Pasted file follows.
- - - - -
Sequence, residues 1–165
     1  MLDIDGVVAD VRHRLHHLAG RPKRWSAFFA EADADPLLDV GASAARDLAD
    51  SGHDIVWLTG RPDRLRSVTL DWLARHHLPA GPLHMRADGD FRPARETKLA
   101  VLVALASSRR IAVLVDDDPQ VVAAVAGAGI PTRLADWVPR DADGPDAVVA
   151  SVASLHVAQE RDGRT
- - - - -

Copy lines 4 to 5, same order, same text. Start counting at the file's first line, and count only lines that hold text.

   101  VLVALASSRR IAVLVDDDPQ VVAAVAGAGI PTRLADWVPR DADGPDAVVA
   151  SVASLHVAQE RDGRT